BEAR with me as I heap praises on the 'feel good' film of the year.

It is always risky making a sequel with the inevitable doubts such as will it be as good?

Or could it be even better?

The happy news is that Paddington 2, three years on from the wonderful first film, can boast even more magical moments from the writer and director Paul king and his team of animatronic wizards.

An opening intro provides a flashback on how the bear from darkest Peru came to be adopted.

And then to the present day with the wonderfully-warm Brown family in London.

Indeed his full name is Paddington Brown.

Paddington 1 was full of clever humour, visual gags, a flowing screenplay, lovely incidental music and some top-notch performances from A-lister stars.

Nicole Kidman was a comedy revelation with her character sexy taxidermist who knocks the stuffing out of anyone who gets in her way.

The sequel provides more celebs such as Joanna Lumley, Tom Conti and Ben Miller.

The stand-out star is Hugh Grant who excels as the vain Phoenix Buchannan - a washed-up actor and master of disguises desperate to make a comeback.

He has his sights set on a rare collector's literary item.

It is a pop-book that Paddington wants to buy for his Aunt Lucy's 100th birthday.

Grant shines in every scene and shows his gift for self-effacing comic capers throughout.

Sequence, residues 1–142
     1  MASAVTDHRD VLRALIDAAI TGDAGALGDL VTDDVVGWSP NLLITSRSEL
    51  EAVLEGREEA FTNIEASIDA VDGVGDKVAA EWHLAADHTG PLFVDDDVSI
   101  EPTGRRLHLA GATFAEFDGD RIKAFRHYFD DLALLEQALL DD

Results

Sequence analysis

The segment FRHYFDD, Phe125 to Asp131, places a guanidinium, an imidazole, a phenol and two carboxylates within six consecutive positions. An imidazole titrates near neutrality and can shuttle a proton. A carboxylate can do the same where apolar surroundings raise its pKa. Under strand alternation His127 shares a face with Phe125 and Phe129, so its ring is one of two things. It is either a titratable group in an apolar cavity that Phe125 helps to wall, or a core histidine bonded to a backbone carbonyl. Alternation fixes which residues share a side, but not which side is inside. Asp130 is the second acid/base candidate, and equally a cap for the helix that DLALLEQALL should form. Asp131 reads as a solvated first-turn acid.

Along the way Paddington gets into some funny mishaps that Laurel and Hardy would have been proud of.

To earn some extra money he takes on the jobs of hairdresser and window cleaner.

Paws for thought ... Paddington and water.

Oh dear, the duffle-coated, well-mannered marmalade muncher was never cut out for this type of hard labour.

Talking of which, he ends upon in jail wrongly accused of stealing the pop-up book.

In prison he meets Knuckles McGinty played by the versatile Irishman Brendan Gleeson.

The Browns are perfectly cast.

Hugh Bonneville and Sally Hawkins as Henry and Mary while their two children are equally likeable and crucial to the adventures.

The eccentric housekeeper Mrs Bird is played by the ever-reliable Dame Julie Walters while Peter Capaldi returns as nerdy neighbour watcher Mr Curry.

Paddington, voiced by Ben Whishaw, is even more life-like (in a bear sort of way) than ever.

He is simply adorable and a dream sequence pulls at the heart strings, making you want to reach into the screen to hug him.

A train sequence adds some laugh out loud moments.

In fact there is not a single scene where something happens for a reason in the 95 minutes of sparkling storytelling.

There is a poignant message, as the film ends, to creator Michael Bond who died in June.

He loved the film version of his books.

It is a movie that works on every count for children and adults alike.

I will certainly go and watch Paddington 2 again as it triggered my festive spirit.

A bear necessity if you are feeling the winter blues.

Fur-st class family fun - five stars

In cinemas now.